Michelle Walsh said...

Hey Tom!

Fundamentally we believe in self-naming, but just so you know, we do view our writing and academic ministries as community ministries. When I see you raising substantive issues in writing for our broader UU community, I see that as community ministry. But "lily of the field" works too!

peace and blessings,

Michelle :)

Elz said...

The late Jody Shipley, who did so much to launch the respectability of the community ministry, pointed out that many ministries oscillate (my word) between parish and community along the journey. So the question of walls, even of linkages, is only a marker about the challenge of Tom's original question. Skill sets change, calls change, settings change, covenants change. All is change. It is God -- and our relationship with God, whatever God is -- that inaugurates, undergirds, transcends and survives it all. So Tom's question is the one that counts: who has the authority to say they experience God -- whatever God is -- from a particular minister's presence?

Clyde Grubbs said...

I am wary of clergy credentialling clergy, so the present system of an MFC with both clergy and laity on a panel makes some kind of sense for me.
There is presently one "community minister" on the MFC and that may be point to the problem, that "community" ministry is marginal to the credentialling process.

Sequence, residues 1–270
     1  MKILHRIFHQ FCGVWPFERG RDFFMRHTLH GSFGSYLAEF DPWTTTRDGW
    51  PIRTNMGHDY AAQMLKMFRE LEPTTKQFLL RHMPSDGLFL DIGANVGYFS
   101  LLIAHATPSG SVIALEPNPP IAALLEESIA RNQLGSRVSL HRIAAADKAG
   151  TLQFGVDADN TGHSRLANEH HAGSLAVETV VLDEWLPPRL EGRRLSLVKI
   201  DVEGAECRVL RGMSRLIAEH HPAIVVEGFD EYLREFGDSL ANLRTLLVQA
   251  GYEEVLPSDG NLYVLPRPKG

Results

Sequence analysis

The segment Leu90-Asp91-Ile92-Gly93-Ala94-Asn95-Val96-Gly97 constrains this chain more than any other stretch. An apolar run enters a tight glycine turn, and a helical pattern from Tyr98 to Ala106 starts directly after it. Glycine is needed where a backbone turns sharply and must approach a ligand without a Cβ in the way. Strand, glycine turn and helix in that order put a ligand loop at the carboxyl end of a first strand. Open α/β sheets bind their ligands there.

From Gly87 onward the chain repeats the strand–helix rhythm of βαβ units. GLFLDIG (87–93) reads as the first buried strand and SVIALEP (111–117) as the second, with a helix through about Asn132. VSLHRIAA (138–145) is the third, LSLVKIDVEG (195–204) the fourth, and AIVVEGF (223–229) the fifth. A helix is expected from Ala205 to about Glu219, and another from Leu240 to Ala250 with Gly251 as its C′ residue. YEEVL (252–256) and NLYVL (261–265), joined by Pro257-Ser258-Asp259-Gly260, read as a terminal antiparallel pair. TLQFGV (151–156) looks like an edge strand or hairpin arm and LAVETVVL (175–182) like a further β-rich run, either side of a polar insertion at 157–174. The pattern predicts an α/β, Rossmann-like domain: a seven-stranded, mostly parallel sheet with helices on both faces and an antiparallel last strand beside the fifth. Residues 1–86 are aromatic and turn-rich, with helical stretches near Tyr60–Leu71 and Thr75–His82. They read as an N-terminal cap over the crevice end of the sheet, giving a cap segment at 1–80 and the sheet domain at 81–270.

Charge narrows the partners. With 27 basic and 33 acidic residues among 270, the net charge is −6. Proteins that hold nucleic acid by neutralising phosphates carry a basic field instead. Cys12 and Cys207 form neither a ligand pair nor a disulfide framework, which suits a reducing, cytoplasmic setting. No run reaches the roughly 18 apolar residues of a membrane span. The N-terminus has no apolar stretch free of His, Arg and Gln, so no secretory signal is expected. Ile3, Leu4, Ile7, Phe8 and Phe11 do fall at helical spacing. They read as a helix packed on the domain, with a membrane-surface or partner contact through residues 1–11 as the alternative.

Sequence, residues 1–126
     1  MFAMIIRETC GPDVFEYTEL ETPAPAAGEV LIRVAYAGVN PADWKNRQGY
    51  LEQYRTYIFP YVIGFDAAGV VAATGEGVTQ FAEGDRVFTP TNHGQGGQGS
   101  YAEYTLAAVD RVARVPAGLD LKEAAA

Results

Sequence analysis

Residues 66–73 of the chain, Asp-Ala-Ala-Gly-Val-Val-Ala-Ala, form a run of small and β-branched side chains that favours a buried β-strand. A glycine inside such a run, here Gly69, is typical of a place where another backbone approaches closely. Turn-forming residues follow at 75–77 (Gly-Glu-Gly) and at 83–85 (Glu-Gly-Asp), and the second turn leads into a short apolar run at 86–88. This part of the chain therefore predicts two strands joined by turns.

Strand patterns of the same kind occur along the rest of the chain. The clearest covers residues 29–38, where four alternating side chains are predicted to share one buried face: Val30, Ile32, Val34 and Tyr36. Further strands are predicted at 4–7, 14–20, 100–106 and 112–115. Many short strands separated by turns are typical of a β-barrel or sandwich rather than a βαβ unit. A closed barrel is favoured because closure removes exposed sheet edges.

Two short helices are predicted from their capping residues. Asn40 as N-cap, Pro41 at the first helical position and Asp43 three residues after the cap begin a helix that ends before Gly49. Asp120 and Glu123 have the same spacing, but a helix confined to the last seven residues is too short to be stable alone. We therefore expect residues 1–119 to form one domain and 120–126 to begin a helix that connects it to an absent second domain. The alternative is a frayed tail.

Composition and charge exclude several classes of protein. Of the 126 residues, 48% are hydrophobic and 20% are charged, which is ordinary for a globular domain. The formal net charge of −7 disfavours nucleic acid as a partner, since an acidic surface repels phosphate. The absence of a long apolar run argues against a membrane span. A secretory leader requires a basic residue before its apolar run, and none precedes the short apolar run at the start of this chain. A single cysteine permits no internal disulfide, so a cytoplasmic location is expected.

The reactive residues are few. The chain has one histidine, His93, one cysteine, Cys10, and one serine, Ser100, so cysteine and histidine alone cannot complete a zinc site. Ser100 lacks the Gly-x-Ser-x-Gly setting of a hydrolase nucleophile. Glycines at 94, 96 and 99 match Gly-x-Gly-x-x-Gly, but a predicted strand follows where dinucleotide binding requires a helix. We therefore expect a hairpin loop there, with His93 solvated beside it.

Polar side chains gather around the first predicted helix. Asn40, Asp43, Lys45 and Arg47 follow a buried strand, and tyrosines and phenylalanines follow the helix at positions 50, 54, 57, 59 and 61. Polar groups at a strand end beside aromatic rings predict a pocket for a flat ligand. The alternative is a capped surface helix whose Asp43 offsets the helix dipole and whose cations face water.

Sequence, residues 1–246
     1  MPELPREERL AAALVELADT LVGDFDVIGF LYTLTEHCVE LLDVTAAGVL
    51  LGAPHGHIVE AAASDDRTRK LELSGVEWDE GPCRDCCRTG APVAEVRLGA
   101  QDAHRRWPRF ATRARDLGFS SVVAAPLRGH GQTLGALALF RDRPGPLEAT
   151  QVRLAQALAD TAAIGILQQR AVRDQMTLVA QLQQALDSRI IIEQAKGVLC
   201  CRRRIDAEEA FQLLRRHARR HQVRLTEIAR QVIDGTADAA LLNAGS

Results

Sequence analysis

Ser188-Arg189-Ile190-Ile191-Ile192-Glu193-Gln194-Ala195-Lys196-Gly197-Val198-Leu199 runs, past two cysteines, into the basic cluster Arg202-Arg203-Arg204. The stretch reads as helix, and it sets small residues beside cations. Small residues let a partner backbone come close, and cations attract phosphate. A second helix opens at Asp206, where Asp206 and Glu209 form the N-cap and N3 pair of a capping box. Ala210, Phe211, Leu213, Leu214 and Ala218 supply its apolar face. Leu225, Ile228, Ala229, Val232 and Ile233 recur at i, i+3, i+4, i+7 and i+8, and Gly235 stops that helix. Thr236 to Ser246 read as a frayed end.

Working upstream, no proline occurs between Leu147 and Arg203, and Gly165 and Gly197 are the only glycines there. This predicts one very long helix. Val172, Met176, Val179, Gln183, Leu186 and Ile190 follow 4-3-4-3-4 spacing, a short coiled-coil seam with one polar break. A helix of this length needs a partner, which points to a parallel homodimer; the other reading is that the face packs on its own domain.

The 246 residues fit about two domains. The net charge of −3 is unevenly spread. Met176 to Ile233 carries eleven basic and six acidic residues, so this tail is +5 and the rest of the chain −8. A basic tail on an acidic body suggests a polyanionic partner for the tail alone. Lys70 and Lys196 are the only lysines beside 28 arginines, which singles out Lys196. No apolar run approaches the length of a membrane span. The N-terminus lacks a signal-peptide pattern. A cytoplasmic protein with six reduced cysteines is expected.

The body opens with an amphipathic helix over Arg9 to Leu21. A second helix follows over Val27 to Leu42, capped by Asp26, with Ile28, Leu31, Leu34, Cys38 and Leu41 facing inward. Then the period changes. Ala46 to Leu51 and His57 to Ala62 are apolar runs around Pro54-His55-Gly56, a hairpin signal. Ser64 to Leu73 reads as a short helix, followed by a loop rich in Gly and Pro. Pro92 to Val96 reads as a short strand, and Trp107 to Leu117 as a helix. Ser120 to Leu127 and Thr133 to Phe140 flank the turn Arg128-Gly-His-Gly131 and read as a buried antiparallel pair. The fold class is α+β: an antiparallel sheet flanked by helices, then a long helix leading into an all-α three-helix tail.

But I think we err when we consider credentialling of clergy to be the same thing as authorization of ministry. For me, with many years of final fellowship under my belt, I reflect that credentialing did not authorize my ministries, communities of faithful people doing "ministry" as lay people with me did that. And when I do my community justice and writing and speaking ministry today it is held in a community of congregations, and in collectives such as working groups of Occupy or gatheringss of folks concerned with indigenous rights. Authority in ministry is a community of faitful people saying "this is ministry." Credentialling is saying that I do all the things the MFC has on their check list, which only "authorizes" me in the most general and bureaucratic sense of that word. (Sort of like a M.Div. says what, that I have passed a bunch courses.)

Clyde Grubbs said...

Once upon a time the UU Society for Community Ministries was called the UU Society for a Larger Ministry with a mission to look beyond the parochial to the larger vision and mission of ministry in the world. Because of cultural paracholism with my beloved UUMA the SLM started doing more and more "professional ministry for non parish ministry" work and that necessarily meant less visioning about the big picture of ministry to the world.

I think that is unfortunate, and I hope that someday we will find a UUMA that is about all ministers and an advocacy organization that raises the visioning and missional issues of broad catergory of ministers (I am one) who call themselves community ministers.

I am reminded of my experience as a hospital chaplain in Tampa. The chaplains were talking and they said we should reach out to community ministers. I said huh, and it became clear they were refering to their fellow clergy who were serving as congregational clergy "out their in the community (not the hospital.)

It all depends on what you consider the center of the universe.